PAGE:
Nature Structural and Molecular Biology
Processivity, the ability of single molecules to move continuously along a track, is a fundamental requirement of cargo-transporting molecular motors. Here, we investigate how cytoplasmic dynein, a homodimeric, microtubule-based motor, achieves processive motion. To do this, we developed a versatile method for assembling Saccharomyces cerevisiae dynein heterodimers, using complementary DNA oligonucleotides covalently linked to dynein monomers labeled with different organic fluorophores. Using two-color, single-molecule microscopy and high-precision, two-dimensional tracking, we find that dynein has a highly variable stepping pattern that is distinct from all other processive cytoskeletal motors, which use 'hand-over-hand' mechanisms. Uniquely, dynein stepping is stochastic when its two motor domains are close together. However, coordination emerges as the distance between motor domains increases, implying that a tension-based mechanism governs these steps. This plasticity may allow tuning of dynein for its diverse cellular functions.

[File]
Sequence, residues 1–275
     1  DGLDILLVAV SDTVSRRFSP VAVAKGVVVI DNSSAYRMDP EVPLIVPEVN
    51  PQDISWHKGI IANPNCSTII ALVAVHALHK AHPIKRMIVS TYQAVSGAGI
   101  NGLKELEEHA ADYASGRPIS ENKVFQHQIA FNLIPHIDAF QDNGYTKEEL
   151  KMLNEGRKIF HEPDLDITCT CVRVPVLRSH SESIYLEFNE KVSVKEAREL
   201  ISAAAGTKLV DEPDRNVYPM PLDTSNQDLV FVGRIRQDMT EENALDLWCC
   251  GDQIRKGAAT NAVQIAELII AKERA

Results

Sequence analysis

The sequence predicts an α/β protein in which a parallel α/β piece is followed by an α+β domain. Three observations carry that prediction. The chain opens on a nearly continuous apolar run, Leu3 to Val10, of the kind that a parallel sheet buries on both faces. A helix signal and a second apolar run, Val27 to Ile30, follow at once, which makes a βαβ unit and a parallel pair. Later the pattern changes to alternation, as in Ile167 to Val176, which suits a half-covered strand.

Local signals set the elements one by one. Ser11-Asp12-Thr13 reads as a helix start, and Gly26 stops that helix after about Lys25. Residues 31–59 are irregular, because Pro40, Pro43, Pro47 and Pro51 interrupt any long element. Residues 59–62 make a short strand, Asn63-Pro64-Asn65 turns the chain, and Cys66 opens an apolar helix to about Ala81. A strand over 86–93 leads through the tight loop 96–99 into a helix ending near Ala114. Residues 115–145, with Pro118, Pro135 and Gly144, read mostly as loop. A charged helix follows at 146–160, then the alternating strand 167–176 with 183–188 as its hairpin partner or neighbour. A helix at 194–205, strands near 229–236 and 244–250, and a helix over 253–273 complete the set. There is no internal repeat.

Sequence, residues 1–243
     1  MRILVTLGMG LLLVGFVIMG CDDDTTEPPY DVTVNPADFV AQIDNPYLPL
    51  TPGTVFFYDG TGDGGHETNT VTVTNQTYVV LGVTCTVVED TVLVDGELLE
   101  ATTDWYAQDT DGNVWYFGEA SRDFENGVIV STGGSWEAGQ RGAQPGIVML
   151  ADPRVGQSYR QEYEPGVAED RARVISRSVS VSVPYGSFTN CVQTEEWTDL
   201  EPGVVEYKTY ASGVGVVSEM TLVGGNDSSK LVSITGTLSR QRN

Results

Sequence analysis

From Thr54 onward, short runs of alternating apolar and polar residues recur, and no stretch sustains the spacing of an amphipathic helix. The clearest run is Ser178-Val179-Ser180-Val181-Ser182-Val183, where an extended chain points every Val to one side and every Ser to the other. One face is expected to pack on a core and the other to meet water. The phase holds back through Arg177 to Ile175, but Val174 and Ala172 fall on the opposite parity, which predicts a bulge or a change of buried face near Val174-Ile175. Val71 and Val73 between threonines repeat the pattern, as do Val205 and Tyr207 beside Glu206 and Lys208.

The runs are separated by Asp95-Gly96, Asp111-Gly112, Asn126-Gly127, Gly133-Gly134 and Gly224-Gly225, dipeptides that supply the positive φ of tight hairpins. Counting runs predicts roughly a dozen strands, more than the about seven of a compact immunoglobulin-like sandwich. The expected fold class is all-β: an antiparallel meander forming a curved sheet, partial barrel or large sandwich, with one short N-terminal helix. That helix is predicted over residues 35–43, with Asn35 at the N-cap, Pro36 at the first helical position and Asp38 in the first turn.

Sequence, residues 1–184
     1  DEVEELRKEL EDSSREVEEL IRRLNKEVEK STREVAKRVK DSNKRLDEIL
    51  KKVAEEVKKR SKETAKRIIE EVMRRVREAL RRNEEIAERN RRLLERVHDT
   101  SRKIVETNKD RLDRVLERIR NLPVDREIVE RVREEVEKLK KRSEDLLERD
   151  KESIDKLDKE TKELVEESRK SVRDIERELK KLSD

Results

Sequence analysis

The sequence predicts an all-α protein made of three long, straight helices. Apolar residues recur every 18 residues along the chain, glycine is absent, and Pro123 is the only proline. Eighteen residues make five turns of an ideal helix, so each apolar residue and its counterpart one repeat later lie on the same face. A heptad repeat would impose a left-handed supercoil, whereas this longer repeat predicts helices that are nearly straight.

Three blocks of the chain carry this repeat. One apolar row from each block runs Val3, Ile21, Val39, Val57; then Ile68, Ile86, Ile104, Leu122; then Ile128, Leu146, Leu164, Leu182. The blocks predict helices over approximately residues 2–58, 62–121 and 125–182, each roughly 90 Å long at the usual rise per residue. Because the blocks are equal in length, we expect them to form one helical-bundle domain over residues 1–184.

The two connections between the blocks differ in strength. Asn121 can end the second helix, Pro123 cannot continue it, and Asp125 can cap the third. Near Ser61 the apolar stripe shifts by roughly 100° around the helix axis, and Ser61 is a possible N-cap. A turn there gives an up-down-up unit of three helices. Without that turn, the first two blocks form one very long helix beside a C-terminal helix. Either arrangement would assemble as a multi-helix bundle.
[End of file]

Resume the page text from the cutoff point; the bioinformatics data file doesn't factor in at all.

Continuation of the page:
Qiu, Weihong; Derr, Nathan D.; Goodman, Brian S.; Villa, Elizabeth; Wu, David; Shih, William; and Reck-Peterson, Samara L., "Dynein Achieves Processive Motion Using both Stochastic and Coordinated Stepping" (2012). Biological Sciences: Faculty Publications, Smith College, Northampton, MA.